49ers Mailbag: Who's in line for extension?


49ers Mailbag: Who's in line for extension?

Q: Whichhow many impending FA's could get extensions this season, keeping the cap in mind? (Tre Faaborg)
Safety Dashon Goldson is not an option. Because the 49ers and Goldson did not work out a deal by Monday's deadline, he is ineligible to sign anything but a one-year deal until after the final regular-season game.I don't think it's anywhere near a given that the 49ers would sign anyone to an extension during the season. The club has 3.395 million in cap room. I'm sure they'll want to hold onto most of that money as insurance and carry it over to next year's cap.The 49ers' top scheduled free agent is nose tackle Isaac Sopoaga, who enters the final year of the five-year, 20 million deal he signed in 2008.Backup tight end Delanie Walker is also a player the 49ers want back at the right price, but he might wish to escape the shadow of Vernon Davis to find a team that might offer him more prominence as a pass-catcher.If cornerback Tramaine Brock makes the team and finds a role, he would probably be the top possibility to get an extension during the season.All-Pro linebacker NaVorro Bowman's rookie deal is set to expire after the 2013 season. Obviously, he is grossly underpaid from his rookie deal of four years, 2.6 million. This will be a difficult contract for the 49ers because Bowman seems to be entering Patrick Willis-territory.Yes, the 49ers might believe they can get him a little on the cheap now, but Bowman could get a huge deal in two seasons on the open market. Of course, he also is a candidate for the 49ers to tag as a franchise player if the sides fail to reach a long-term solution in the next couple of years.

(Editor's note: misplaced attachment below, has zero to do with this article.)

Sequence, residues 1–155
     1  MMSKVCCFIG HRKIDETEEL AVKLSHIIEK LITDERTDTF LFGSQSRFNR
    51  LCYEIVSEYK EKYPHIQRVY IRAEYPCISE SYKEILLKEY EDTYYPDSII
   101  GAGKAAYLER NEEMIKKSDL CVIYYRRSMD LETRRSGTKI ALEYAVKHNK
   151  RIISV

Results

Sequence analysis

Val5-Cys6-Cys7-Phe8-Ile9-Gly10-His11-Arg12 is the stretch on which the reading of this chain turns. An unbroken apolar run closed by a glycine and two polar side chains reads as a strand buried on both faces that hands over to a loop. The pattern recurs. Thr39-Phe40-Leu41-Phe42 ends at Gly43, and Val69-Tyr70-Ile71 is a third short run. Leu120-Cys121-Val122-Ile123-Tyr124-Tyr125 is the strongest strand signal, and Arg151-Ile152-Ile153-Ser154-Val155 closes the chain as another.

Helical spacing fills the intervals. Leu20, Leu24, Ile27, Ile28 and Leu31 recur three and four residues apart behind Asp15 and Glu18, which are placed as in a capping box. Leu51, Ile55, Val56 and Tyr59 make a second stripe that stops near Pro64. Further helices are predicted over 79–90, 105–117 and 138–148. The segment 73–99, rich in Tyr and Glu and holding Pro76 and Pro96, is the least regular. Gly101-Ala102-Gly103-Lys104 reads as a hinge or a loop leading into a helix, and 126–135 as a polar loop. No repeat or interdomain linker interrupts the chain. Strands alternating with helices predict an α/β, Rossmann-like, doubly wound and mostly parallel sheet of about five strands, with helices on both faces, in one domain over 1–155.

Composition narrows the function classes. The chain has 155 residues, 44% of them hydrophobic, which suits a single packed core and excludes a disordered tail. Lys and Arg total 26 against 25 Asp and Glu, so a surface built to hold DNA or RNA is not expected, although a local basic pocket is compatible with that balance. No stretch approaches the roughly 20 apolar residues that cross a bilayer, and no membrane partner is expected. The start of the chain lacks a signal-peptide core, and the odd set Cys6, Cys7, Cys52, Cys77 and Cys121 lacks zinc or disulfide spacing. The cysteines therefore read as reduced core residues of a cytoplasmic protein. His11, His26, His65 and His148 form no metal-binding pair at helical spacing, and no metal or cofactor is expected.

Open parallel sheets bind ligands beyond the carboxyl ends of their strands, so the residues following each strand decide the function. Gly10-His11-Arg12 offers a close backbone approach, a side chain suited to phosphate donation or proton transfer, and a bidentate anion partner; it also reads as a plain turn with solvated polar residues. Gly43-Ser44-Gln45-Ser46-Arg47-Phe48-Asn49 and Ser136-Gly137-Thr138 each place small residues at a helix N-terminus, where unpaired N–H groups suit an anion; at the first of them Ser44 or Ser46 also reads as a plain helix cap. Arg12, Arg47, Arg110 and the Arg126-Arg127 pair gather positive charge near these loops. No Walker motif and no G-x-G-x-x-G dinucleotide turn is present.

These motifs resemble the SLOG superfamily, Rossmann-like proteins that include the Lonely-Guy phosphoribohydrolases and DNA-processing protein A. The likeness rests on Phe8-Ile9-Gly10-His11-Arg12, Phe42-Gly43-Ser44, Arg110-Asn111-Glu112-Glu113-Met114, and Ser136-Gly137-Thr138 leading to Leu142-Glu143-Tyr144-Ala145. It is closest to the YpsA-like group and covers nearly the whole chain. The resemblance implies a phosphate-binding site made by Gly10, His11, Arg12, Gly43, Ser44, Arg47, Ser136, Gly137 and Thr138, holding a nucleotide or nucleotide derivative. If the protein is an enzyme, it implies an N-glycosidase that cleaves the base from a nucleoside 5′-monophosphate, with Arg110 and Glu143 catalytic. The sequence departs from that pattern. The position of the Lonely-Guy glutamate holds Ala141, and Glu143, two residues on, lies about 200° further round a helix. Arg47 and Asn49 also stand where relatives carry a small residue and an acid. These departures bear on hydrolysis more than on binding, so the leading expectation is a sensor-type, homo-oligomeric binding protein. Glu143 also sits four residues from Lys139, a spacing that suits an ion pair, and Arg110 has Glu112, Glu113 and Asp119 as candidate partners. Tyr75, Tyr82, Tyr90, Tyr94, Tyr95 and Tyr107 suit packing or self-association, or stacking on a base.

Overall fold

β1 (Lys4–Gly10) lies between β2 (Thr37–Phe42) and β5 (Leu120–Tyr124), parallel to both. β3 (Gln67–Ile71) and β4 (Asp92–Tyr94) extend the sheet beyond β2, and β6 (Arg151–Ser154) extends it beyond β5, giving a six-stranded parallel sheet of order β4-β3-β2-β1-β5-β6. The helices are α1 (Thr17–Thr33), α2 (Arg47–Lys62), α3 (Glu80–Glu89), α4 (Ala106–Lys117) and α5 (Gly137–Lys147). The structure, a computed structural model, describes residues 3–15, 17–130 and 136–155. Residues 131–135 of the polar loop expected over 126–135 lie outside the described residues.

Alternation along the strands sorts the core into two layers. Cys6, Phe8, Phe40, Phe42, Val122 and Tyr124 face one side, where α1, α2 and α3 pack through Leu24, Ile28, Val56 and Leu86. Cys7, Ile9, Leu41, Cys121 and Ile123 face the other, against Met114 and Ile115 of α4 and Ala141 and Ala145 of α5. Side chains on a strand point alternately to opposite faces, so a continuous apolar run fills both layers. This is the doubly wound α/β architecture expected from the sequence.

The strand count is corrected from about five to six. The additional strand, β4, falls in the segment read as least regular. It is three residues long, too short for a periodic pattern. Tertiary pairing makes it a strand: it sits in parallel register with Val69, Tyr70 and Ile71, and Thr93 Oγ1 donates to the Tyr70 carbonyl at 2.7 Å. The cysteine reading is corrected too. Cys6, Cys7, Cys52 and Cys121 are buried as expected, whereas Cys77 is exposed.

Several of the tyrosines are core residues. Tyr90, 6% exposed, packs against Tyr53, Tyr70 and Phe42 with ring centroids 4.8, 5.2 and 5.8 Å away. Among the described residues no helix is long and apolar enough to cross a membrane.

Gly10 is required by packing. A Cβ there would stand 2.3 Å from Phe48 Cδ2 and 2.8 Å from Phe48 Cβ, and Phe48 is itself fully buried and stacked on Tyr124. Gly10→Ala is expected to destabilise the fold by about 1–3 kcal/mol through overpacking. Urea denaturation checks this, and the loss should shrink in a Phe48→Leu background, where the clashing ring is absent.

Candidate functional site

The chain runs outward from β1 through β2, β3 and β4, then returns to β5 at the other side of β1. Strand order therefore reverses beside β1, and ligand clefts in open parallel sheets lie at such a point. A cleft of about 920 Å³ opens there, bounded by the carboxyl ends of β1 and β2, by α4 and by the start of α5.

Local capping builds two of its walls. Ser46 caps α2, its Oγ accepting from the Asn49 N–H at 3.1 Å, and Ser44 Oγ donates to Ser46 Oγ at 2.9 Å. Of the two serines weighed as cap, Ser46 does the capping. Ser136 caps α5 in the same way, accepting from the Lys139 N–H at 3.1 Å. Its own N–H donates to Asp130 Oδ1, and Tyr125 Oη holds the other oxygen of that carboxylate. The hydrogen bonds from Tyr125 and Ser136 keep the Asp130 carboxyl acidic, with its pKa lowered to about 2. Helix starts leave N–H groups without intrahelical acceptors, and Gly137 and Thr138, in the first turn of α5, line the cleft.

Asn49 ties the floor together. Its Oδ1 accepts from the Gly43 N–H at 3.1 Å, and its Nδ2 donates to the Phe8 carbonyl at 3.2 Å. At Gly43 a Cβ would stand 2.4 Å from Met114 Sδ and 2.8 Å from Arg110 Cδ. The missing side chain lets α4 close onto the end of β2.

Here is the contract status of each player the 49ers currently have under contract:Signed through 2012